The Opioid Crisis: the data, the science and the humanity
I had the privilege of participating in a panel discussion at BIO 2019: Opioids: Changing the paradigm of treating pain and addiction - one year later, which examined how far the issue has evolved since 2018’s BIO sessions.
The discussion was a landmark experience, reminding me of the human impact of data, science and research. Human Data Science isn’t just about numbers and methodology, it’s about improving human health and bringing science to support decisions sometimes colored by bias and stigma.
There are few untouched by the tragedy of opioid abuse. It has devastated families and the societal cost is evident in the urban, suburban and rural communities in which we live. Unlike other diseases, opioid abuse often carries a societal stigma and a raft of judgments that make it even more difficult to address the problem. Our biases can even spill over into the clinical setting, where people from certain racial and ethnic backgrounds are less likely to be prescribed pain medication and more likely to be suspected of drug-seeking behavior.1,2
All of us who study and deliver health care - and set the policy and standards of care that inform treatment for opioid abuse - are struggling. Our focus at the IQVIA Institute is to help optimize human health by bringing data and fact-based insights forward to better inform decision makers in this critical area.
In our recent study, Medicine Use and Spending in the U.S. - A Review of 2018 and Outlook to 2023, we reviewed, among other topics, the trends and effectiveness of our opioid strategies. Prescription opioid volume continued to decline steeply last year as changes in regulations and clinical guidelines, accompanied by high public awareness, drove a 17% decline in total morphine milligram equivalents (MME) dispensed. The biggest decline came from the most potent and dangerous high-dose prescriptions. Prescription opioid volume has declined 43% since the peak in 2011, with prescriptions for 90 MMEs per day or greater declining by 61% (see exhibit).
But as the U.S. experiments with different state- and local-level policies to address regional concerns, the progress has been uneven. States still differ significantly in their per capita use of opioids and medication-assisted treatments (MATs) for substance abuse disorders. All the New England states have enacted new controls on opioid prescribing and support for opioid dependency in the past three years, but they already had lower-than-average opioids per capita but higher MATs per capita. Other states, including those hardest-hit by the opioid crisis, experience relatively high per capita use of both opioids and MATs (see exhibit).
Of course, we’re not really addressing the opioid crisis if we create another crisis by taking pain treatment away from those who have no other options. Pain medicines, including non-narcotic drugs, declined by 21 million prescriptions, driven significantly by the declines in prescription opioid use with little, if any, offsetting use of other types of pain treatment. To address the unmet need, pharma companies are researching medicines and devices that are effective and less addictive, with pain products representing the fifth-largest segment of the late-stage pipeline (see exhibit).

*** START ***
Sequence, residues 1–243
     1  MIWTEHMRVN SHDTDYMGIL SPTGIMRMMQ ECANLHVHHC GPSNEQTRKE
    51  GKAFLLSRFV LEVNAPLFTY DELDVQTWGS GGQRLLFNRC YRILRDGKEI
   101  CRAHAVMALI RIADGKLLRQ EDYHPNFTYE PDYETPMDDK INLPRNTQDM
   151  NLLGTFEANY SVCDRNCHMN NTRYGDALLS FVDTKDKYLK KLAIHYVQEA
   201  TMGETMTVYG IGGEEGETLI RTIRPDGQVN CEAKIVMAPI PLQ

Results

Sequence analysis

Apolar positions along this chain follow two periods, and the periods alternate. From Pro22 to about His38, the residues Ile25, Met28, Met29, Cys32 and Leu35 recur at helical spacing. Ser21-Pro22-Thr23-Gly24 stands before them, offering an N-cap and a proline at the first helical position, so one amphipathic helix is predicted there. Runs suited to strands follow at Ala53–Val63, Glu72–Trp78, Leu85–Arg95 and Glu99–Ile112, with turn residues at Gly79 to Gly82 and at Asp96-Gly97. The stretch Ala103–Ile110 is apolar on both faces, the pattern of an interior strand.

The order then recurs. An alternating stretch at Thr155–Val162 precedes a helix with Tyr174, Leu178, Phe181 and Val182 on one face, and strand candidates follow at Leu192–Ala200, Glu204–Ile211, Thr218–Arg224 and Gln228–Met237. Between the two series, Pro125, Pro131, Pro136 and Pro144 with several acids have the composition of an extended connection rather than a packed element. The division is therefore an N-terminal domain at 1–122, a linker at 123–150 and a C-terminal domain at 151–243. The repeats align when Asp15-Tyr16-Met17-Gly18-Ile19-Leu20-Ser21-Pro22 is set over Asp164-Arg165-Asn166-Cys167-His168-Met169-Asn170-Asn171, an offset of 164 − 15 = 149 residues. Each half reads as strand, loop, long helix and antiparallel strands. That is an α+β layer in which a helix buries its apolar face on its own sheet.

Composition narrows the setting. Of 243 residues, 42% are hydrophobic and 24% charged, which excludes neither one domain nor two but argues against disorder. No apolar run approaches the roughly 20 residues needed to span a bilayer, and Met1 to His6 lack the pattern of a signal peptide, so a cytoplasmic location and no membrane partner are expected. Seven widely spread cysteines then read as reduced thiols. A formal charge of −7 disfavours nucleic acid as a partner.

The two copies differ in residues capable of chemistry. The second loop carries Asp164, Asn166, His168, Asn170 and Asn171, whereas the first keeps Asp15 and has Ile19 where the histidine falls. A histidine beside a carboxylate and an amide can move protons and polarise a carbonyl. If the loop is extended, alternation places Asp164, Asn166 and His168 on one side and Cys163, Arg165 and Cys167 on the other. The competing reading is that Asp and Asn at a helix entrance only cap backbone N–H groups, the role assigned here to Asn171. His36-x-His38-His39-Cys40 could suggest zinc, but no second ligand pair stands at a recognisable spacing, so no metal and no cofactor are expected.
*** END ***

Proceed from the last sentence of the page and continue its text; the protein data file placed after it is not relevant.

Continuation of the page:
How do we reduce the suffering of every human experiencing pain, while minimizing the equally painful impact of addiction? There are no easy answers, but the available data could illuminate a path forward for practitioners, researchers and policymakers.
First, there must be an awareness that judgments and preconceptions have been shown to cloud perceptions and influence decisions, preventing us from most effectively addressing all aspects of pain treatment and the opioid crisis.
Second, in the battle against opioid abuse, it is important to remember that improving the health and well-being of humans applies equally to those with severe and intractable pain. Through the intelligent, individualized application of improved standards of care and the development of alternative pain-management approaches, there is the potential to reduce the public-health crisis while addressing the individual crisis of the person in pain.
And importantly, better decisions can emerge by continually tracking the effectiveness of the standard-of-care and policy experiments in different states and countries.
It is our hope that the work of the IQVIA Institute for Human Data Science can continue to make valuable contributions in these efforts.
1 Singhal A, Tien YY, Hsia RY. Racial-Ethnic Disparities in Opioid Prescriptions at Emergency Department Visits for Conditions Commonly Associated with Prescription Drug Abuse. PLoS One. 2016;11(8):e0159224. Published 2016 Aug 8. doi:10.1371/journal.pone.0159224
2 Fischer MA, McKinlay JB, Katz JN, et al. Physician assessments of drug seeking behavior: A mixed methods study. PLoS One. 2017;12(6):e0178690. Published 2017 Jun 23. doi:10.1371/journal.pone.0178690
1. A new view of the Alzheimer's brain
By: Olga Uspenskaya-Cadoz, MD, PhD, Senior Medical Director, CNS Center of Excellence, IQVIA
2. The GRACE Checklist: A Validated Assessment Tool for High Quality Observational Studies of Comparative Effectiveness
By: Nancy Dreyer, MPH, PhD
3. How a global registry could help solve Asia's diabetes crisis
By: Nancy Dreyer, MPH, PhD
4. The Challenge with IBD
By: Matt Copeman